Our time along the Adriatic Coast has been a study in contrasts. We’ve had some of the warmest hospitality either of us has experienced, as well as the vagaries of a region largely taken over by mass tourism.
Beginning back in Zagreb we started using AirBnB for the first time, and so far the results have been amazing. We’ve been able to stay in some wonderful places and meet some very interesting people, all for the price we would pay to stay in a hostel. For those of you not familiar with AirBnB, it’s a website that connects travelers with locals renting out rooms in their homes or entire homes in many cases. It’s a godsend for those of us trying to cook our own meals in order to save money, and you get the chance to interact with people on a personal level unmediated by commerce.
We began our time along Croatia’s very long coast line in the city of Split. It’s one of the largest cities in the country, but just about all of the sites visited by tourists are located in an area the size of only a few large city blocks. At the heart of it all is a palace built by the Roman Emperor Diocletian, which was then taken over by the Venetian Republic several centuries later. It’s a very interesting combination of the narrow, winding streets of Venice mixed with ancient Roman architecture. It’s very atmospheric and its location right on the water makes it especially appealing. That said, Skylar and I aren’t the only ones that like wandering the narrow streets. By about 10am the entire place is packed to the gills with people snapping pictures every few feet and cruise ship tour groups gathered on every corner. Our strategy was to explore early and then head elsewhere until the evening.
Our time in Split will be most memorable because of our host, Anita. Her daughter set her up on AirBnB and we had the privilege of staying in a beautiful room on a quiet street just outside the palace. Anita treated us like her own children and was endlessly fascinating to talk with. She cooked us one of the best meals we’ve had so far (Tuna caught fresh by her neighbor, a fisherman) and even did our laundry for us! As she said, “Once a mother, always a mother.” She also gave us great advice on where to get a tasty, but inexpensive meal at a very small restaurant called Villa Spiza.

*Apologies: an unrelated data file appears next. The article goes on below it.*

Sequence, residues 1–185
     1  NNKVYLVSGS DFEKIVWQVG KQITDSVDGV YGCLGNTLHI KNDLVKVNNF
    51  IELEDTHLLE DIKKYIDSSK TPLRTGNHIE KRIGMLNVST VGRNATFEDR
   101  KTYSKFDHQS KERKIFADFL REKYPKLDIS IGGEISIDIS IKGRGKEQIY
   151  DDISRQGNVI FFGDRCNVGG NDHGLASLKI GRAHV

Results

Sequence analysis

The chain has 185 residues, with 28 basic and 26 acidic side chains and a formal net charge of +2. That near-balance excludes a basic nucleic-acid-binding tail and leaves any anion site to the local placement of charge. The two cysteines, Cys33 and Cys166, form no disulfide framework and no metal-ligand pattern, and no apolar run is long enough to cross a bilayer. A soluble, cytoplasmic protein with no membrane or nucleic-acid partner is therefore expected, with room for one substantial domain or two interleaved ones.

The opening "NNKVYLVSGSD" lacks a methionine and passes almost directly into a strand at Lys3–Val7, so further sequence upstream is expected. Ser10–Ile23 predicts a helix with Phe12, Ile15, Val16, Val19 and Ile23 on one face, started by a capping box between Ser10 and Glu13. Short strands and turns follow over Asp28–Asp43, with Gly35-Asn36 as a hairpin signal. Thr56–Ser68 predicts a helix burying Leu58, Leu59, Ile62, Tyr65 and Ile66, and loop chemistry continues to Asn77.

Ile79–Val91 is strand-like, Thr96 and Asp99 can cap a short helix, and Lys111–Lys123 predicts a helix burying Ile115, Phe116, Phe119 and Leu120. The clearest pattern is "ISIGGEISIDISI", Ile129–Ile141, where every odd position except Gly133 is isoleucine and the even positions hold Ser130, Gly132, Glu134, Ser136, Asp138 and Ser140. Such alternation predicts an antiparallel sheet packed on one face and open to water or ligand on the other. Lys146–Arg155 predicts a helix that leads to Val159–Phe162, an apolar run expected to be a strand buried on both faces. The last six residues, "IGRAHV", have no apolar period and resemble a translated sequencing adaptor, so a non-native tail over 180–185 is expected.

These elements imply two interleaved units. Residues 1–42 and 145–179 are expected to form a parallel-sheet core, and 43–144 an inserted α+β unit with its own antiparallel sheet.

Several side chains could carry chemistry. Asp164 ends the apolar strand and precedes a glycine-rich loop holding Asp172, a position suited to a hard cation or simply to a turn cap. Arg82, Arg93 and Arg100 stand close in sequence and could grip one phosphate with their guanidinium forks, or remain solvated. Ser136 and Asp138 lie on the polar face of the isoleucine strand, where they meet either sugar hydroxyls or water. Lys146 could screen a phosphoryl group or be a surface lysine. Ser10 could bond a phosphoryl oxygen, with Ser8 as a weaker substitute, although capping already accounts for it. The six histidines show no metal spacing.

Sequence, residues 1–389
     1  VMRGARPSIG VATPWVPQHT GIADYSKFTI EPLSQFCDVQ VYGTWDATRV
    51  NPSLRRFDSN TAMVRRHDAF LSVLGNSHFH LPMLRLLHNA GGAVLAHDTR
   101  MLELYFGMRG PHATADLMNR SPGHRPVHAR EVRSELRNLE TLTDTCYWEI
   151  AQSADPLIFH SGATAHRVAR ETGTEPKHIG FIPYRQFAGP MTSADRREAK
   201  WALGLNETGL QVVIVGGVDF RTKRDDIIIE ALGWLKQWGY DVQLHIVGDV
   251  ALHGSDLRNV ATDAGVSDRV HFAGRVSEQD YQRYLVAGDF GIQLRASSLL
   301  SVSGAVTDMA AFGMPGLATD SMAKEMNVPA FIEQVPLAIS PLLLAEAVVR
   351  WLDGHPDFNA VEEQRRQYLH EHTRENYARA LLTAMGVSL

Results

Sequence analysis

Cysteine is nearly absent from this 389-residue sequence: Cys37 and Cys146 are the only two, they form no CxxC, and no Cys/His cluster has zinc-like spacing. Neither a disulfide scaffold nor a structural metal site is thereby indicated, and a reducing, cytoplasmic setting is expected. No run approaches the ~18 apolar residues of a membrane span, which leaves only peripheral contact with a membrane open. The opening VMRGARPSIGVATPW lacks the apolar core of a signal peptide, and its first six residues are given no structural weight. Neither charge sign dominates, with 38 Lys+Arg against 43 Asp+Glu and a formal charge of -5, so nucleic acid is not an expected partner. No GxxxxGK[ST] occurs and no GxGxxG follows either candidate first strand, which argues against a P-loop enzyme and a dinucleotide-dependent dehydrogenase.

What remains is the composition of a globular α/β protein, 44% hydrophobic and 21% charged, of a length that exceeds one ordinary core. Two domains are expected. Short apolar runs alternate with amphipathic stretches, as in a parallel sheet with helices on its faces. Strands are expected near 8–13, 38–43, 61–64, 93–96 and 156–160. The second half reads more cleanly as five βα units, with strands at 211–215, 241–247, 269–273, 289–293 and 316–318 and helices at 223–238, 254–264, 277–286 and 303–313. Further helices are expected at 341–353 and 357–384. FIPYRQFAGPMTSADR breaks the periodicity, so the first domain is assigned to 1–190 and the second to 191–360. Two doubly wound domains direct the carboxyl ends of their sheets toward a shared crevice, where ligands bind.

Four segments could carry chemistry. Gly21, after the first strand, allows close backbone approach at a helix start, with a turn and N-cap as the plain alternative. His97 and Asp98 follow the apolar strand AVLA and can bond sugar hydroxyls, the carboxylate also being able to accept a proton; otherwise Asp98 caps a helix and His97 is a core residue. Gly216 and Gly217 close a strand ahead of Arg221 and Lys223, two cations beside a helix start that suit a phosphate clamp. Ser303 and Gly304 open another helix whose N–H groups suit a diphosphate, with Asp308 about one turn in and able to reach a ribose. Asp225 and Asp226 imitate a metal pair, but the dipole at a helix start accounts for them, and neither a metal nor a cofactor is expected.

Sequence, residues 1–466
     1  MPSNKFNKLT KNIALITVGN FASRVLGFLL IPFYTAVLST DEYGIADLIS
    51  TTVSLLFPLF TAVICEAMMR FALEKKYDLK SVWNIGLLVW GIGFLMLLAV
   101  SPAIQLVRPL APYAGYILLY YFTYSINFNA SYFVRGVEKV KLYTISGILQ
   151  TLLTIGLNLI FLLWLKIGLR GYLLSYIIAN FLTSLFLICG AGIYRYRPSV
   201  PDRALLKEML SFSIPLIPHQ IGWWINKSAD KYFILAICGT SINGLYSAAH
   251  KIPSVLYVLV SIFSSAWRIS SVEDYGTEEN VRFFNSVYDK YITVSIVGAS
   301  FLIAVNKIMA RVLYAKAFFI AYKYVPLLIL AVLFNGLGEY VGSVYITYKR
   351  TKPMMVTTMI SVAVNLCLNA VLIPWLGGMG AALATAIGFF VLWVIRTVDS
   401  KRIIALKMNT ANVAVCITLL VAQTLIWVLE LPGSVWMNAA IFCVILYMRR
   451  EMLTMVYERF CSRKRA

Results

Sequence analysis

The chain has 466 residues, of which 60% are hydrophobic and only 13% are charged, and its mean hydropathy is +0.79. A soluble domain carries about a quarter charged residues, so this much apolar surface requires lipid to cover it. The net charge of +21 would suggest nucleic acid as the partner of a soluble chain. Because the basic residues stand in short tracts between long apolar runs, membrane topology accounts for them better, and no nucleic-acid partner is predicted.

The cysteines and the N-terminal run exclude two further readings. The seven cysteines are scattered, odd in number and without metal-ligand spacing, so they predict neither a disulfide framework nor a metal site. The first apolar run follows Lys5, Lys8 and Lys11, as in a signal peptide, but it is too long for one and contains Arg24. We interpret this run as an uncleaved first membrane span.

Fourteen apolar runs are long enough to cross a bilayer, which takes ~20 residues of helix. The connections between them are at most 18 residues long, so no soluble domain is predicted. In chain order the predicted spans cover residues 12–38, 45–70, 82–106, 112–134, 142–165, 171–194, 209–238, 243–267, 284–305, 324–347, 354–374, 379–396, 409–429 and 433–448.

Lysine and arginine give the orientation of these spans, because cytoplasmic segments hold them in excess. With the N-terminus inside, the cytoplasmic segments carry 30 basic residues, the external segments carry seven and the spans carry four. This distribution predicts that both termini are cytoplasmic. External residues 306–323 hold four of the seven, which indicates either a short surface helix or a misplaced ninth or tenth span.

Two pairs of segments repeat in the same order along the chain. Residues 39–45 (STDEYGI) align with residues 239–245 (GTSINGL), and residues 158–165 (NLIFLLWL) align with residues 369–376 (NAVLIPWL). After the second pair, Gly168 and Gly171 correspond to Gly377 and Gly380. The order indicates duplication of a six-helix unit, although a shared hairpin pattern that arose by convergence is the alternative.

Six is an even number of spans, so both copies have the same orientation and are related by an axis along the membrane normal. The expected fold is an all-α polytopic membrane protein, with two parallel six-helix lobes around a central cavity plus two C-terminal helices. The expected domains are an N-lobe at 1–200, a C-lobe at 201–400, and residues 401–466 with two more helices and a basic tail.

From Split we originally planned to head to the Island of Vis, which is the least visited of the major Croatian islands. It was off-limits for many years because Marshal Tito put a major military base on it. However, our accommodation plans fell through and we decided to go to Korčula Island instead. It’s more populated than Vis, but quieter than the “party island,” Hvar. As in Split, our AirBnB hosts, Renata and Ivo, were great. We had a private en suite room in a quiet area about 30 minutes by foot from the main town. Again our hosts treated us to a delicious meal, this time they invited us to a dinner party on their patio and fed us a feast of grilled meat, kebabs, grilled sardines, and salad. The highlight, though, was the wine made by the other party guests, which flowed very freely from some large water bottles filled directly from the vineyard’s oak barrels. Aside from this meal, we subsisted primarily on homemade sandwiches, a cheap local snack called Burek, and beer (Only $1 a pint!) because many of the restaurants were very expensive and served mostly bland, sub-par meals that felt designed to appeal solely to picky children.
We spent most of our three days on the island relaxing and exploring the small historic old town, also built by the Venetians. One day we took a water taxi to a small islet nearby called Badija and spent the whole day resting against a large log admiring the scenery. I also did a little swimming, while Skylar watched (It’s a recurring pattern on our trip). It was nothing less than idyllic.
From Korčula we took a ferry to Croatia’s most famous attraction, Dubrovnik. Like Split and Korčula, Dubrovnik’s ultra-famous old town was built by the Venetians, but it’s sort of considered the piece de résistance of the whole coast line. For you Game of Thrones fans, it’s used as the set for King’s Landing. It’s also bar none the most impacted by mass tourism and by far the most expensive. One doesn’t even dare try to visit during the middle of the day because the narrow streets become impassable due to the day trippers from multiple cruise ships all converging on the city at once. In order to afford to visit on our budget, we stayed in a nice apartment with it’s own kitchen and bathroom about 15 minutes away by bus and close to the main intercity bus terminal.
In all honesty, Skylar and I felt the city was a little underwhelming. Obviously, almost no place can live up to the superlatives heaved on Dubrovnik, but the old town seemed so scrubbed of character and everyday life that sometimes we felt like we were walking around a Croatian version of the Venetian Hotel in Las Vegas. That said, we did really enjoy walking along the city walls at sunset and began to understand why people so deeply love the city. During the day we got some much needed errands done, like doing the laundry with a very confusing Croatian washing machine, and bought bus tickets to our next destination in a “fjord” on the Mediterranean: Kotor, Montenegro.
Bye for now!